Princess Eugenie Honours Royal Wedding Tradition By Placing Her Bouquet On The Grave Of Unknown Warrior In Westminster Abbey
October 16, 2018 15:13 By Mambee
Princess Eugenie has carried on the several-decades-old traditions of the royal family by leaving her royal bouquet to rest on the Tomb of the Unknown Warrior in Westminster Abbey.
The royal family’s tradition honours Britain’s fallen soldiers, with the gravestone representing all those who died in the battlefield during the First World War.
The age-long tradition was started by Lady Elizabeth Bowles Lyon, who would later become the Queen Mother after her wedding to the future King George VI in 1923 when she laid her bouquet on the gravestone as she made her way into the wedding ceremony.
She did this in honour of her brother Fergus who died in 1915 during the battle of the Loos and also in respect of all those who lost their lives during the war.
Ever since, all royal weddings aligned with this tradition including Kate Middleton, Meghan Markle, and now Princess Eugenie’s wedding.
Westminster Abbey shared the news that the bouquet was placed on the tomb on Twitter.
“The bouquet carried by Princess Eugenie at the #royal wedding yesterday has been sent to rest on the Grave of the Unknown Warrior here at Westminster Abbey.
This royal wedding tradition was started by the Queen Mother and remembers fallen soldiers.”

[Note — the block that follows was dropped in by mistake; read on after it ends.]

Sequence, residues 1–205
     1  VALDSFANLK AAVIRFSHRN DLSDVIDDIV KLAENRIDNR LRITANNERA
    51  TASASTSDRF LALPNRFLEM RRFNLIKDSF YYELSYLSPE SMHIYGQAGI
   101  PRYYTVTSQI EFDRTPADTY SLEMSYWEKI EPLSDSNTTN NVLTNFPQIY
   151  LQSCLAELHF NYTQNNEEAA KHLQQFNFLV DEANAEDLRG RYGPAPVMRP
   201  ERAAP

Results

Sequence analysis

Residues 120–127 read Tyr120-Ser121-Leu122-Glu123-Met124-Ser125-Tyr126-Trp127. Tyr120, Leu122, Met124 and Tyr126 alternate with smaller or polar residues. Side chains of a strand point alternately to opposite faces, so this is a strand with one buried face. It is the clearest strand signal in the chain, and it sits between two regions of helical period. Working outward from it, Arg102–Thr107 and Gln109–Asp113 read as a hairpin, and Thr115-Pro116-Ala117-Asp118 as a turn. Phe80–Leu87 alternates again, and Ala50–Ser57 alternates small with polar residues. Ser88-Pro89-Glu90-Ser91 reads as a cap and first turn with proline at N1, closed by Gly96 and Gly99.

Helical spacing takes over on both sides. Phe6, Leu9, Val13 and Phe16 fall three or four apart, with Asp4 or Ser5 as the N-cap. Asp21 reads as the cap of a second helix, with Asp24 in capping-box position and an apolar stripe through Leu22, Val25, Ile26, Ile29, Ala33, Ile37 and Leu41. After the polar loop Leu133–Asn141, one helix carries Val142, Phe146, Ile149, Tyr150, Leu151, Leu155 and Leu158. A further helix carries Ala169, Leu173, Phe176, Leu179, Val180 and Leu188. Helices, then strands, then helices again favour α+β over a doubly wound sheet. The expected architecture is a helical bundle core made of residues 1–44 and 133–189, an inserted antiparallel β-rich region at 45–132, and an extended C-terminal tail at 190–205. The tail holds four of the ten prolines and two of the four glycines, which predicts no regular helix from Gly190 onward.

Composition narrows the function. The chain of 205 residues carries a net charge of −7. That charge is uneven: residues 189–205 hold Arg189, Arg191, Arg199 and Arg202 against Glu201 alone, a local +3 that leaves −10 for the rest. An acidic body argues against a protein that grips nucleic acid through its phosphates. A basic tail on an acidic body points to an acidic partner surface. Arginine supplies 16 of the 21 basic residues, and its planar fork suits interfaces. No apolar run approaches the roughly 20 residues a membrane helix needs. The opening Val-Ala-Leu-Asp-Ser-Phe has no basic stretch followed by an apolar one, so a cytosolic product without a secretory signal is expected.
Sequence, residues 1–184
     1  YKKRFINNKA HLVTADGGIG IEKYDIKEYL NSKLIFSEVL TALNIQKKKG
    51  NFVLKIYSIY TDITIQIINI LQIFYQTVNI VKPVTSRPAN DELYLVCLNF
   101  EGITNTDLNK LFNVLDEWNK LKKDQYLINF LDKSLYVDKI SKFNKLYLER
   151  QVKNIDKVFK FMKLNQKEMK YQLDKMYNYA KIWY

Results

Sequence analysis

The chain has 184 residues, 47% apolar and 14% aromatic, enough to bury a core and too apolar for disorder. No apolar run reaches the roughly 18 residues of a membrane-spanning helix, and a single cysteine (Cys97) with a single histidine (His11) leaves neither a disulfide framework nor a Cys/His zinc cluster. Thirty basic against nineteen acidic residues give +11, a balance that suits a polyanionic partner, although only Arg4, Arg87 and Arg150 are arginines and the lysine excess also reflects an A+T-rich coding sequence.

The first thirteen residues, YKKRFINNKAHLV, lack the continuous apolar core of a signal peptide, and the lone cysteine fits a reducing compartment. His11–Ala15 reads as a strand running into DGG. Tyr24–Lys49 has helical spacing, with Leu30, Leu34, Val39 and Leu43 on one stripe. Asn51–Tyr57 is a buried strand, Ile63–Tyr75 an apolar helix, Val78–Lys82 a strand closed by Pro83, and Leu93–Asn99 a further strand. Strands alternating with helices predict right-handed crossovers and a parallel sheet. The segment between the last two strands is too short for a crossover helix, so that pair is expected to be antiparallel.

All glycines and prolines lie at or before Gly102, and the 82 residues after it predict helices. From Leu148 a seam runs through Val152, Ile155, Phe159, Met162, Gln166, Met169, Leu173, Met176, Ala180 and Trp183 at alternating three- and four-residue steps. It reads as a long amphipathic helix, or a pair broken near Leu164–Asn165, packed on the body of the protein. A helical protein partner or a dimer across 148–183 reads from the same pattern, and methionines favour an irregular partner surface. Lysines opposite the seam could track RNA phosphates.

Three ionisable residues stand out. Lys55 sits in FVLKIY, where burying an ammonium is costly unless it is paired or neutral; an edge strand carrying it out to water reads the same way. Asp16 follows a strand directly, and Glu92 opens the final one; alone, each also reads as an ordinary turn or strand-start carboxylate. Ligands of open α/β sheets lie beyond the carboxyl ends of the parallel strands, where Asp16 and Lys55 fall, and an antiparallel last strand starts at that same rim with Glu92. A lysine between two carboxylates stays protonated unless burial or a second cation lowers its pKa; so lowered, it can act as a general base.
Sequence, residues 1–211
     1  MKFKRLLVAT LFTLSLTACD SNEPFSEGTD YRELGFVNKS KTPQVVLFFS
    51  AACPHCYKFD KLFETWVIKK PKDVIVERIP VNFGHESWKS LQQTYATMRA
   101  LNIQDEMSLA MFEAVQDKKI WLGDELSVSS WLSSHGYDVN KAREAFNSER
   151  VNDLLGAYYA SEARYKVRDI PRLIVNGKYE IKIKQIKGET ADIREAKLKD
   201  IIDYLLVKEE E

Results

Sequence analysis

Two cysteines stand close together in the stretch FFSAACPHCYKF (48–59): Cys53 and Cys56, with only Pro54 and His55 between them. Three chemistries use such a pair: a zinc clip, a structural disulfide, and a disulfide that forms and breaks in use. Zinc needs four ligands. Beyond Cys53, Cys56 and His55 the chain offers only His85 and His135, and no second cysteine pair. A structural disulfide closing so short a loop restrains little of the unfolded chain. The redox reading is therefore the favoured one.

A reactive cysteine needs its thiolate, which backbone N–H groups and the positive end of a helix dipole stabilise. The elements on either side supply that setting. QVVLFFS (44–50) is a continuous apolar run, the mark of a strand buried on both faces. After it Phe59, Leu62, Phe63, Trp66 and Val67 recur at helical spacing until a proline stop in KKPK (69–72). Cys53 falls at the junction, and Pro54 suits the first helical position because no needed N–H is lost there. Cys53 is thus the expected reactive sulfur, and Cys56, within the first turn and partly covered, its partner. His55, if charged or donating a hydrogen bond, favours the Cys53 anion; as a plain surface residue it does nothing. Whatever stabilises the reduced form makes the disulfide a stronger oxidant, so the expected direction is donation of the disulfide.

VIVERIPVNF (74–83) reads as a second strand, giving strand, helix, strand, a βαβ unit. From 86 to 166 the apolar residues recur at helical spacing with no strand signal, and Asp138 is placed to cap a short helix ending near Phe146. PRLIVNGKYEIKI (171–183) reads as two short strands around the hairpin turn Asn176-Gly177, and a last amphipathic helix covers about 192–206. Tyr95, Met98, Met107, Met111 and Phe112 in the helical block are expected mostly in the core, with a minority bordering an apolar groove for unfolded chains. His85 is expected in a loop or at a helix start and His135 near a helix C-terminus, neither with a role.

The bouquet carried by Princess Eugenie at the #royalweddding yesterday has been sent to rest on the Grave of the Unknown Warrior here at Westminster Abbey. This royal wedding tradition was started by The Queen Mother and remembers fallen soldiers. 💐 pic.twitter.com/F9yI98XnIq— Westminster Abbey (@wabbey) October 13, 2018
The elaborate bouquet was designed by celebrity florist Rob Van Helden Oakes and it featured the traditional royal wedding sprig of myrtle alongside lily of the valley, white spray roses, trailing iris, and Ivy - a homage to her home Ivy Cottage at Kensington Palace.
Myrtle formed part of the regal tradition of the royal family and was first carried by the Queen's eldest daughter when she married in 1958.
The flower is used to represent the traditional innocence of the bride.
The gorgeously arranged bouquet was not just pleasing to the eyes but followed the formation of the royal custom, just like other previous royal weddings.